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And in another yle ben folk, that gon alle weyes upon here knees, ful merveylously; and at every pas that thei gon, it semethe that thei wolde falle: and thei han in every foot, 8 toes. Many other dyverse folk of dyverse nature ben there in other yles abouten, of the whiche it were to longe to telle: and therfore I passe over schortly.

And thei loven more that ston, than ony thing elle: and zit thei knowe not the vertue thereof: but thei coveyten it and loven it only for the beautee. Aftre that yle, men gon be the see occean, be many yles, unto an yle, that is clept Nacumera; that is a gret yle and good and fayr: and it is in kompas aboute, more than a 1000 myle.

And the hony and the wyn and the venym ben drawen out of other trees, in the same manere, and put in veselles for to kepe. In that yle is a ded see, that is a lake, that hathe no ground. And zif ony thing falle in to that lake, it schalle nevere comen up azen. In that lake growen redes, that ben cannes, that thei clepen thaby, that ben 30 fadme long. And of theise canes men maken faire houses.

Manye other spices and many other godes growen in that yle. For of alle thing is there plenty, saf only of wyn: but there is gold and silver gret plentee. And the kyng of that contree hathe a paleys fulle noble and fulle marveyllous, and more riche than ony in the world. For alle the degrez to gon up into halles and chambres, ben on of gold, another of sylver.

For alle manere of fissches, that ben there in the see abouten hem, comen ones in the zeer, eche manere of dyverse fissches, on maner of kynde aftre other; and thei casten hem self to the see banke of that yle, so gret plentee and multitude, that no man may unnethe see but fissche; and there thei abyden 3 dayes: and every man of the contree takethe of hem, als many as him lykethe: And aftre, that maner of fissche, after the thridde day, departethe and gothe into the see.

This watre rennethe, flowynge and ebbynge, be a syde of the mountayne: and in that ryver men fynden precious stones and perles, gret plentee. And men of that yle seyn comounly, that the serpentes and the wilde bestes of that contree ne will not don non harm, ne touchen with evylle, no strange man, that entrethe into that contree, but only to men that ben born of the same contree.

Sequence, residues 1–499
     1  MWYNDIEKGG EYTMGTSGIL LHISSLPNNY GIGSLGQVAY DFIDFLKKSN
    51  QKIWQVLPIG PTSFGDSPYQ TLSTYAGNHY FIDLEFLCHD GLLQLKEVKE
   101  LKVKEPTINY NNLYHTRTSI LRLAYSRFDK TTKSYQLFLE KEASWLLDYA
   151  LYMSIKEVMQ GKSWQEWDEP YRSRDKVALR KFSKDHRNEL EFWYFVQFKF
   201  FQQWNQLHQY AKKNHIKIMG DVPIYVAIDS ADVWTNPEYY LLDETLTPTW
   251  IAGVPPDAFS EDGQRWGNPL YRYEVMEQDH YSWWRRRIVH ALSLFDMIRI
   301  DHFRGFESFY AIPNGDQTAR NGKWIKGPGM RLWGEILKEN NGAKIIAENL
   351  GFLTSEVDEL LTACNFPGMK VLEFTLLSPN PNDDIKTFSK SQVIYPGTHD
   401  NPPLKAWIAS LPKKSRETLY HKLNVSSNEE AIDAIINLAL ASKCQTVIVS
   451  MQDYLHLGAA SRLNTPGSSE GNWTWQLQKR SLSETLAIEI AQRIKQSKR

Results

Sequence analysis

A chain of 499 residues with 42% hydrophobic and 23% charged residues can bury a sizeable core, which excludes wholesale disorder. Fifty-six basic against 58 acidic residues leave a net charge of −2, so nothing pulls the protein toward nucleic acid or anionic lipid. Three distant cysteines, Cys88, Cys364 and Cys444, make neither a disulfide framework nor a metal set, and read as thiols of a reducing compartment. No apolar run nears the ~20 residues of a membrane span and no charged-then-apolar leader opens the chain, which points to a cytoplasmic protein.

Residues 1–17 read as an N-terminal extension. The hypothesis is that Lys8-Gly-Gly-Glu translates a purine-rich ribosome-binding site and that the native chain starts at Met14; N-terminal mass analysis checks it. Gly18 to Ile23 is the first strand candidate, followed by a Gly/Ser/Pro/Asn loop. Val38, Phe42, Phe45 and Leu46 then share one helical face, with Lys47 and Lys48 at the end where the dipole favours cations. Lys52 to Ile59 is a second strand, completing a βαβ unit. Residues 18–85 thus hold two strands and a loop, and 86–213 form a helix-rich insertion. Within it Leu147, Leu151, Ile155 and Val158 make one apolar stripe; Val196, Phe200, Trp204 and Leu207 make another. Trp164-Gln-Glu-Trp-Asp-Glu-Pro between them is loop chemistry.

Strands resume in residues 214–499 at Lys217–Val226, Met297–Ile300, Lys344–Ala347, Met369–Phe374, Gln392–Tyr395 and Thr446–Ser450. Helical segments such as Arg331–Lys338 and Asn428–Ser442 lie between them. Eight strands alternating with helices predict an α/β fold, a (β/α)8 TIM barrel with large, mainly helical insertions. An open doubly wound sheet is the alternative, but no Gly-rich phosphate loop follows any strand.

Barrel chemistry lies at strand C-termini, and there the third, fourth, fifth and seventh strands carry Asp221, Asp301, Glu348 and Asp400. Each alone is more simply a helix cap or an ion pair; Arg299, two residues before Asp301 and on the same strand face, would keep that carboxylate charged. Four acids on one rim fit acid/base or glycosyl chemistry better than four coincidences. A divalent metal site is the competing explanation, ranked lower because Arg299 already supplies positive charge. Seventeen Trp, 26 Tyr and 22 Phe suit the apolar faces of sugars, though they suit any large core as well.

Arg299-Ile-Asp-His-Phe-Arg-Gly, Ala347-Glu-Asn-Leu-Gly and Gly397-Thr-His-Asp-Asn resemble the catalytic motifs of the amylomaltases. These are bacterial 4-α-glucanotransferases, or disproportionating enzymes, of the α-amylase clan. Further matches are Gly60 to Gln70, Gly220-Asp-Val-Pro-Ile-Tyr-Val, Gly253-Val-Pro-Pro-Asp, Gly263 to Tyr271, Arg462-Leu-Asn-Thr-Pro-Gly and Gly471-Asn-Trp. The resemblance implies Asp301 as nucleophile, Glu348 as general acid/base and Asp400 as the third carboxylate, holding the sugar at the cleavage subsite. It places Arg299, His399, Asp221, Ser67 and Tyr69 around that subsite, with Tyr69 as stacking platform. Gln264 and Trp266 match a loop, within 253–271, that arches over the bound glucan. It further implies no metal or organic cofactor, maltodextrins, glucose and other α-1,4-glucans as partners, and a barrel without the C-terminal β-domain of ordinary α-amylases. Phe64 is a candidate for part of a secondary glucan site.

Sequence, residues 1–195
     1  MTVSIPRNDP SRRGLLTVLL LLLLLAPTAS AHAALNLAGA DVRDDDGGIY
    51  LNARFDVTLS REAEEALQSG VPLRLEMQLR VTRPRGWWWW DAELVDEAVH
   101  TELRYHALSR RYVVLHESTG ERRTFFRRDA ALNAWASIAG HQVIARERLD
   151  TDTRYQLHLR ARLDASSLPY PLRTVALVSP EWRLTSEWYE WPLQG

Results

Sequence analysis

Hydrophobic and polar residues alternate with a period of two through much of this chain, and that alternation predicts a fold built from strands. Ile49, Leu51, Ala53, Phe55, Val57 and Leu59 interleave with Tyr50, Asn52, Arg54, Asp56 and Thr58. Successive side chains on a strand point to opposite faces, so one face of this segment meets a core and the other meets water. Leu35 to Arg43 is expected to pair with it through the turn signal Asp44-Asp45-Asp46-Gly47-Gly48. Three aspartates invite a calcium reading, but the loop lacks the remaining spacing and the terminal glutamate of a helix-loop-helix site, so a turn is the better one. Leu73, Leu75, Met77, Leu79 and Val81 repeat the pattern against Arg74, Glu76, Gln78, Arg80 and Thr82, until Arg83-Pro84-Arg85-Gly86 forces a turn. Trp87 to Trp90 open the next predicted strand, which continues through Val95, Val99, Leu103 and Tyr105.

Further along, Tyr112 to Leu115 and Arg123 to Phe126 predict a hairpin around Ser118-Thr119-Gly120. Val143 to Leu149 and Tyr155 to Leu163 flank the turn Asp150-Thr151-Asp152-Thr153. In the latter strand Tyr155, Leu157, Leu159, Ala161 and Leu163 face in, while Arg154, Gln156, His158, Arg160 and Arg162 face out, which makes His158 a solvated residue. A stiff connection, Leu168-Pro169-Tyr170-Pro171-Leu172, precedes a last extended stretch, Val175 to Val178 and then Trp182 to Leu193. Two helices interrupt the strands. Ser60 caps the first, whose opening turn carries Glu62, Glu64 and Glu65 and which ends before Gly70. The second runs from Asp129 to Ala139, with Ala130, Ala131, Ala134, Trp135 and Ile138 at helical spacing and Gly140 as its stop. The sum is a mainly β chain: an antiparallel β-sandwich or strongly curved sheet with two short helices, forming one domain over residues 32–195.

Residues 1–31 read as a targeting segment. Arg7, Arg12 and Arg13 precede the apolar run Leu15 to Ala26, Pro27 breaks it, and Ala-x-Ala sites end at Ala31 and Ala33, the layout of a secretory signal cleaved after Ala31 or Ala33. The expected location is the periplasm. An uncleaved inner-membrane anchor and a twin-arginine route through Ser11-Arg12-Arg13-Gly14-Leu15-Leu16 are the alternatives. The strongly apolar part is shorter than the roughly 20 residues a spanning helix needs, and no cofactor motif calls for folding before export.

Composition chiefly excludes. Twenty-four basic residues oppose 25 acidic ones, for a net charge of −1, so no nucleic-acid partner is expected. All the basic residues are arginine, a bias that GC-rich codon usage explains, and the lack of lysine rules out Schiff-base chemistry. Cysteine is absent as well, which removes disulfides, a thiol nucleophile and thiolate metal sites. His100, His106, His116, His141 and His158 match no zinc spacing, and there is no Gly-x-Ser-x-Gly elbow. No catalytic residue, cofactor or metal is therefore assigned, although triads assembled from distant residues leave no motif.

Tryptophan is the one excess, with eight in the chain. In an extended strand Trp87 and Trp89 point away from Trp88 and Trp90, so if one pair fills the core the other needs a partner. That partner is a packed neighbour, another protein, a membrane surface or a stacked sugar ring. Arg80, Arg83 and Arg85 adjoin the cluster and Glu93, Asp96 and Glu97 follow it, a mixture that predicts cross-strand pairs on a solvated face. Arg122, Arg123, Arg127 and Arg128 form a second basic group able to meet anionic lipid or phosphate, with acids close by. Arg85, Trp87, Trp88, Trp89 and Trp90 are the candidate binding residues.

And in another yle ben folk that ben bothe man and womman: and thei han kynde of that on and of that other; and thei han but o pappe on the o syde, and on that other non: and thei han membres of generacioun of man and womman; and thei usen bothe, whan hem list, ones that on, and another tyme that other: and thei geten children, whan thei usen the membre of man; and thei bere children, whan thei usen the membre of womman.

For it befelle aftre, that he wente in to Norweye; and there tempest of the see toke him; and he arryved in an yle; and whan he was in that yle, he knew wel, that it was the yle, where he had herd speke his owne langage before, and the callynge of the oxen at the plowghe: and that was possible thinge.

And in another yle ben folk, that gon upon hire hondes and hire feet, as bestes: and thei ben alle skynned and fedred, and thei wolde lepen als lightly in to trees, and fro tree to tree, as it were squyrelles or apes.

Firing a parting salute on the 16th of March, Cavendish took his departure, traversing for forty days that "mightie and vaste sea between the yle of Java and the main of Africa, observing the heavens, the crosiers or southern cross, the other starres, the fowles, which are marks unto seamen of fair weather or foul weather, approaching of lands or islands, the winds, the tempests, the rains and thunder, with the alterations of the tides and currents."

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